Gait-combined transcranial alternating current stimulation modulates cortical control of muscle activities during gait.
Non-invasive brain stimulation has been of interest as a therapeutic tool to modulate cortical excitability. However, there is little evidence that oscillatory brain stimulation can modulate the cortical control of muscle activities during gait, which can be assessed using coherence analysis of paired surface electromyographic (EMG) recordings. This study aimed to investigate the effects of gait-combined transcranial alternating current stimulation (tACS) at the gait cycle frequency on the cortical control of muscle activities during gait using EMG-EMG coherence analysis. Fourteen healthy young adults participated in this study. All participants underwent 2 test conditions (real tACS and sham stimulation over the leg area of the primary motor cortex during 10-min treadmill walking). The average peak-to-peak amplitudes of the motor evoked potentials (MEPs) from the tibialis anterior (TA) and lateral gastrocnemius muscles in the sitting position and EMG-EMG coherences in the TA muscle, triceps surae muscles, quadriceps muscles, and hamstring muscles during gait were measured before and after stimulation. Entrainment effect was significantly higher during real tACS than during sham stimulation. After real tACS, the MEP amplitude and beta band (13-33 Hz) coherence area increased in the TA muscle. The change in MEP amplitude from the TA muscle was positively correlated with the change in beta band coherence area in the TA muscle. Gait-combined tACS can modulate the strength of descending neural drive to TA motoneurons during gait. This suggests that oscillatory brain stimulation is a useful therapeutic tool to modulate the cortical control of muscle activities during gait.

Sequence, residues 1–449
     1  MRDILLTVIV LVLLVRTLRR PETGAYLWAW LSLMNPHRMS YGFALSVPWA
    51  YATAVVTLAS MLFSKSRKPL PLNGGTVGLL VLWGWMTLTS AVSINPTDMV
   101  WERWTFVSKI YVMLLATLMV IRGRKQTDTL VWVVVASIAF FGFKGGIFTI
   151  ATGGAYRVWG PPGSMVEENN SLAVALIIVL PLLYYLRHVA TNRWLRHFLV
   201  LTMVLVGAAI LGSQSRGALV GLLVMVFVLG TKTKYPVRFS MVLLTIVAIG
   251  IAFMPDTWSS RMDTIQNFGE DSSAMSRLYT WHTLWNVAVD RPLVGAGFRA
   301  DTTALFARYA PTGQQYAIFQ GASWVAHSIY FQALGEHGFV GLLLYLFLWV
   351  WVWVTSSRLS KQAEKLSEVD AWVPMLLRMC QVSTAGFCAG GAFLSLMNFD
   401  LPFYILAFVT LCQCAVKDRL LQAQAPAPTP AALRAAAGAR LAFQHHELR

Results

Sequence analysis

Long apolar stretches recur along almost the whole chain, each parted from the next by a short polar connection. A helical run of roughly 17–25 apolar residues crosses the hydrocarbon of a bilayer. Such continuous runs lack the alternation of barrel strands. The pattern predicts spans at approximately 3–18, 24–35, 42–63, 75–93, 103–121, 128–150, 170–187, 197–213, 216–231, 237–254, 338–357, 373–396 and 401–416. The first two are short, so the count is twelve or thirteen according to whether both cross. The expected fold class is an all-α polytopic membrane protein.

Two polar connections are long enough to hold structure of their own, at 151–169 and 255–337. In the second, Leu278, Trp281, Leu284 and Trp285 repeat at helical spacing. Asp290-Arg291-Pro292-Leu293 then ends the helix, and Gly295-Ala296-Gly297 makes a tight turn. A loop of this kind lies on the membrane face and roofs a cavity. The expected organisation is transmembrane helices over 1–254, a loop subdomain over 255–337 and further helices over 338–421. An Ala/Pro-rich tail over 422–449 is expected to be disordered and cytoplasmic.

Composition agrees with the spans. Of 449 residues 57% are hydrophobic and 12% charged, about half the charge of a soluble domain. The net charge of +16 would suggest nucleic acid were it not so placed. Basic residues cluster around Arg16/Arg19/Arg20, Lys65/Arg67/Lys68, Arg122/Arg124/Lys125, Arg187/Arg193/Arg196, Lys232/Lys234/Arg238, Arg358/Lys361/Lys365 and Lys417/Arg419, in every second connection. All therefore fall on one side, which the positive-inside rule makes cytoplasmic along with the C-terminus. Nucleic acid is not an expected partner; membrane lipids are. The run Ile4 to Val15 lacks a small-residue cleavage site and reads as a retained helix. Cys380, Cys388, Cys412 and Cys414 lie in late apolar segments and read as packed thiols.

PMID: 32726506 [PubMed – as supplied by publisher]
Eur J Neurosci. 2020 Jul 29;:
Authors: Kitatani R, Koganemaru S, Maeda A, Mikami Y, Matsuhashi M, Mima T, Yamada S